In the second chapter of Luke, verses 41-52 we have the wonderful story of the boy Jesus at the temple. It's the story where the caravan leaves and his parents think he is in the caravan but after a day they can't find him and head back to Jerusalem and after 3 days they find him in the temple sitting among the teachers listening to them and asking questions. When his parents see him they are astonished that he was just sitting there and his mother says, "Son, why have you treated us like this? Your father and I have been anxiously searching for you." A very typical response from a mother-"Where have you been? We've been worried sick! Why didn't you call; why didn't you let us know where you were?" It's classic.

And Jesus' response is classic, too. A typical response from a pre-teen (he was 12), or even a teenager. He says, "Why were you searching for me? Didn't you know I had to be in my father's house?" Typical. "Why were you worried? I was here all the time. Why were you worried? I was just over Jimmy's house. I wasn't getting into any trouble. What's the big deal?" And then the really precocious remark, "Didn't you know I had to be in my father's house?" Parents who have to deal with children who are gifted in some way always have to deal with smart remarks. Because a child may be more mature for his or her age, he or she can't understand what all the fuss is about. And here's a clue that Jesus' parents weren't thinking of him as 'the son of God,' because Scripture records, "But they did not understand what he was saying to them." He was just a pre-teen who hadn't told his parents where he was going to be or what he was doing and they were worried sick looking for him. And rightly so, because people walking alone, especially youth, were robbed, beaten or, in the case of youth, kidnapped.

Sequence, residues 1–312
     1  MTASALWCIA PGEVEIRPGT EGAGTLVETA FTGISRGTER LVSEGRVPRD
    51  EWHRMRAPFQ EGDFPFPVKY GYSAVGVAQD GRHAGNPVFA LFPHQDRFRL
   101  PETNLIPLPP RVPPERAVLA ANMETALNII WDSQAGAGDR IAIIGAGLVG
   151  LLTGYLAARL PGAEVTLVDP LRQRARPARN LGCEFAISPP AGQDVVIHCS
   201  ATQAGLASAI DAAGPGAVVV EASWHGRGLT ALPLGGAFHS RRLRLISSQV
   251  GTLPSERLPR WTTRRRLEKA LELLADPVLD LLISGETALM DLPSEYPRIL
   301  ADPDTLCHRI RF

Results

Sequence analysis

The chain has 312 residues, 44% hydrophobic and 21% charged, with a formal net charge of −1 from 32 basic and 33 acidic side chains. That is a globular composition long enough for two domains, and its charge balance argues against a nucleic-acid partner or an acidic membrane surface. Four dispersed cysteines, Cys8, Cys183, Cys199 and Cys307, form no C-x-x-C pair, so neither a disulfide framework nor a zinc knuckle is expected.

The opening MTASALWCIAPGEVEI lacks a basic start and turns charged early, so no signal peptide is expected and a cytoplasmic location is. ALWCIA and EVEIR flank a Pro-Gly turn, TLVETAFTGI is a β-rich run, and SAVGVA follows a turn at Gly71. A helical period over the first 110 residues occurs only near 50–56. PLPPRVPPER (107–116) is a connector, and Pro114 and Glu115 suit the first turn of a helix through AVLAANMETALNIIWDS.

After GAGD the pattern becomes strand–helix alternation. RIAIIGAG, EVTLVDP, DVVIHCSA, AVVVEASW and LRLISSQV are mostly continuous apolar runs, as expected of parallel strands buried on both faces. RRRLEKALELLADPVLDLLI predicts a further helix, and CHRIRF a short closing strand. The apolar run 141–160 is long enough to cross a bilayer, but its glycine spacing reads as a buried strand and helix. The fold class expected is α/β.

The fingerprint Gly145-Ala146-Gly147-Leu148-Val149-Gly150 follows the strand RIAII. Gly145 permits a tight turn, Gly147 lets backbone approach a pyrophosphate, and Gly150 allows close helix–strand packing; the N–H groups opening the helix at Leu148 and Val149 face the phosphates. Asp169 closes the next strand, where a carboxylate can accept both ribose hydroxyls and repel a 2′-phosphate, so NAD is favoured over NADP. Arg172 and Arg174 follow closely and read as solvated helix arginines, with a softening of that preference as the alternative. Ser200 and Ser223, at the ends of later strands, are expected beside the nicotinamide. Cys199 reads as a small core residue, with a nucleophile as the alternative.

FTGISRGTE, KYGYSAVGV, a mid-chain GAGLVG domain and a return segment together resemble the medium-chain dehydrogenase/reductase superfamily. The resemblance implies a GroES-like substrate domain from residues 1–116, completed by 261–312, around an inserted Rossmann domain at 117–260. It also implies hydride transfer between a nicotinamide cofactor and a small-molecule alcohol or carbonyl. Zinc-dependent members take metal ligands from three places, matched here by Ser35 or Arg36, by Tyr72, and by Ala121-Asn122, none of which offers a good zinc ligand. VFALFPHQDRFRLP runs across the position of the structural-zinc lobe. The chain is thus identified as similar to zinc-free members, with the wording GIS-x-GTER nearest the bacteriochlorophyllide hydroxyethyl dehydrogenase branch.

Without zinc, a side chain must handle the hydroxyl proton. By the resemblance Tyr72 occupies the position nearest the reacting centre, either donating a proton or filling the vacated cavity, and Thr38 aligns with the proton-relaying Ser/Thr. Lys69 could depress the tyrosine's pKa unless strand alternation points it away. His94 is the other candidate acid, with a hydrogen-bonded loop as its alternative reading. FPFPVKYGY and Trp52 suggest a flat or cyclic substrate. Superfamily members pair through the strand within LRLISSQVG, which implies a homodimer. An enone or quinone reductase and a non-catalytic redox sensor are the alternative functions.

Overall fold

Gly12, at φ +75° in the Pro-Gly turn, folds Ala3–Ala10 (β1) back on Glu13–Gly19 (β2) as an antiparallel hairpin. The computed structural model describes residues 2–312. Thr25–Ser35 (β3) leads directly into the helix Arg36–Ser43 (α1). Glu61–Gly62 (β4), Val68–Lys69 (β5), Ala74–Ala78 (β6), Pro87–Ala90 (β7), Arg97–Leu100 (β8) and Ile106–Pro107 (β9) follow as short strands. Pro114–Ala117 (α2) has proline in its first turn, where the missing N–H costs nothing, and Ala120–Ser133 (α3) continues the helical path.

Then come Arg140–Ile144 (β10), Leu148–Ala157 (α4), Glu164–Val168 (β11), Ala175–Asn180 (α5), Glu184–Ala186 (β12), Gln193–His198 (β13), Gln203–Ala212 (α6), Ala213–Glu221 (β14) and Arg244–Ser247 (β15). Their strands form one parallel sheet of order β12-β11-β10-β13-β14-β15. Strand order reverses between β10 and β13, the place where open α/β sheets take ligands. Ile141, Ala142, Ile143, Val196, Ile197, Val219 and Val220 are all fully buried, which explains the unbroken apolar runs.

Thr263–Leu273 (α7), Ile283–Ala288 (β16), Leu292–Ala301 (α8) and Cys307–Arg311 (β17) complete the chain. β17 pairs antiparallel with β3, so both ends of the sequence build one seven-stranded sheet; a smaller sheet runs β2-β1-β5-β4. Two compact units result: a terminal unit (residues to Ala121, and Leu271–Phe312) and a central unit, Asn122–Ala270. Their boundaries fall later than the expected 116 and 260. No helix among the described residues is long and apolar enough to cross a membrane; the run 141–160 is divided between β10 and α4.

So, it's really encouraging for families to see that even Jesus' family had times when things had to be worked out. They weren't perfect. Jesus family, and family life was real, just like family dynamics today.

Now, to the wedding at Cana. Wedding receptions weren't like ours today that last for just a few hours. Wedding celebrations went on for days. Jesus and his disciples were invited guests. They must have been there for a couple days because the wine runs out. The good wine is gone and it's time to bring out the cheap stuff, if there is any. Jesus mother, like a typical mother who thinks the sun rises and sets on her son and thinks he can solve any dilemma, tells him to do something. Jesus' response to his mother of 'Dear woman, why do you involve me' is a nice way of saying, "Good grief, mother, why are you INVOLVING me?!"